I stumbled upon Mr. Chopra once again while flipping my TV channels in frustration and landing on my local PBS station. Yes, I was THAT annoyed that evening.
In any event, in discussing his long ago bestseller, The Seven Spiritual Laws to Success (Note: Now available in a cool PBS sponsored DVD package!) one moment hit the writer part of me squarely in the jaw. Chaos is what ultimately enables creativity. Horrible as it can be to deal with and live through it’s often when our work or lives are in the biggest mess possible that change happens.
I know, I know… I kept thinking to myself this is so much B.S. Until I recalled how many professional disappointments led me kicking and screaming into something ultimately much much better for me and how many rotten toads I had to kiss in life (Note: Too many to count and they know who they are…or do they?) until I found someone different I might never have noticed had I not finally put a lifetime moratorium on ALL amphibians.
When things are as crappy and chaotic as you imagine they ever will be (aka sh-tty) it helps to remember just walking through it or realizing that there was a time when you benefitted from a set of circumstances you had nothing at all to do with (aka dumb luck) Or that a casual action you took or comment you made off the cuff created an opportunity you never anticipated.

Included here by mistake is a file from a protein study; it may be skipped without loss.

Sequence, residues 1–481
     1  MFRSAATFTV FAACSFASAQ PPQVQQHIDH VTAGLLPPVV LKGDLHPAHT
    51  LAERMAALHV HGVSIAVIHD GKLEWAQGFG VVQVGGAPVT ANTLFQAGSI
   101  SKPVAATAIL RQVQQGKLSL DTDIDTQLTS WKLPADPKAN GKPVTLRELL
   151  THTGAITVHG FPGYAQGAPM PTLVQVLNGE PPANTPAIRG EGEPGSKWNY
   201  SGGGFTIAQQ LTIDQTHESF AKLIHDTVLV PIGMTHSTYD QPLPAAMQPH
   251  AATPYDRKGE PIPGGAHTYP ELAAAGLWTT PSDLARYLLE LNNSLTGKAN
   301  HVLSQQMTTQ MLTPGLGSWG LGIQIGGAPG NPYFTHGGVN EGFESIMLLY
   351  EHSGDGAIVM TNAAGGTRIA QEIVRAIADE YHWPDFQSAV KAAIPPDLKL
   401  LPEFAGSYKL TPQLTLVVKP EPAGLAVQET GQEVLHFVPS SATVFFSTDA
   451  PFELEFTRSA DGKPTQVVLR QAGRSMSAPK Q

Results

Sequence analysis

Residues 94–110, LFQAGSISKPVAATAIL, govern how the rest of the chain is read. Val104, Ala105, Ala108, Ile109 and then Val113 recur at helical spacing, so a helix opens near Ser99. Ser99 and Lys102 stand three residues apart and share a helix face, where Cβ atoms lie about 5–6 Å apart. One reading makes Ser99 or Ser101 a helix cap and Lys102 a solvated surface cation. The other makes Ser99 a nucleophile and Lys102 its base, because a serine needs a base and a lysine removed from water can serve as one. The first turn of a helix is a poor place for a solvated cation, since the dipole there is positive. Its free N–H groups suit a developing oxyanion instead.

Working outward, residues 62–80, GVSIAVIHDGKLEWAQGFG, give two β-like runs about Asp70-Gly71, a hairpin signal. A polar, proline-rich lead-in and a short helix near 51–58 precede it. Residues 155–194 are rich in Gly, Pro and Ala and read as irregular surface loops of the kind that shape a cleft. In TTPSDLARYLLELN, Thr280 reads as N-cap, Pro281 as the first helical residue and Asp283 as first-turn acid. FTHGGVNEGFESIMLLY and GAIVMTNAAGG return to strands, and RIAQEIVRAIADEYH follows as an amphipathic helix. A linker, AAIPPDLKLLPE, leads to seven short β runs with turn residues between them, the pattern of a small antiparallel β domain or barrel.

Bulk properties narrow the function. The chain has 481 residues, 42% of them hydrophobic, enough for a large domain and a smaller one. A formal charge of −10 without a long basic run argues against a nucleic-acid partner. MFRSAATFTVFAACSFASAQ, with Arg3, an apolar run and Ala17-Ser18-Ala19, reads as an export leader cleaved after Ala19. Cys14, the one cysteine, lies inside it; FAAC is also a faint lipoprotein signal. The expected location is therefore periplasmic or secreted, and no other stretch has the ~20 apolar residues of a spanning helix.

We’ll never know whether it was random or a series of your small, nee authentic actions that created the good times. It might be a combination of both or neither. But what we do know is that any action causes a reaction. (Note: Once again, see science).
We also know the opposite is likely true. The one way to ensure nothing changes in your absolutely miserable life is to do the same miserable thing each day. And that even if a series of random events do come together to grant you some good fortune with that strategy you will probably be so enervated you’ll be too ill prepared to take full advantage of it.
Otherwise know as, in popular parlance, a lose-lose.
I once had a shrink years ago that tried to help get me out of my own pit of despair with a variation on this very strategy. I was not only sad but angry and isolated and correctly sensed no one, and I mean NO ONE, wanted to be around me anymore.
At one point, in defiance and exasperation at the lack of help and support I believe I deserved, I bellowed: What am I supposed to do, just pretend to be happy?
To which he simply replied:
Well, at first I was even more pissed off. So I took a minute to think about it in silence. During which time he told me that sometimes simply the repetition of a behavior can change things.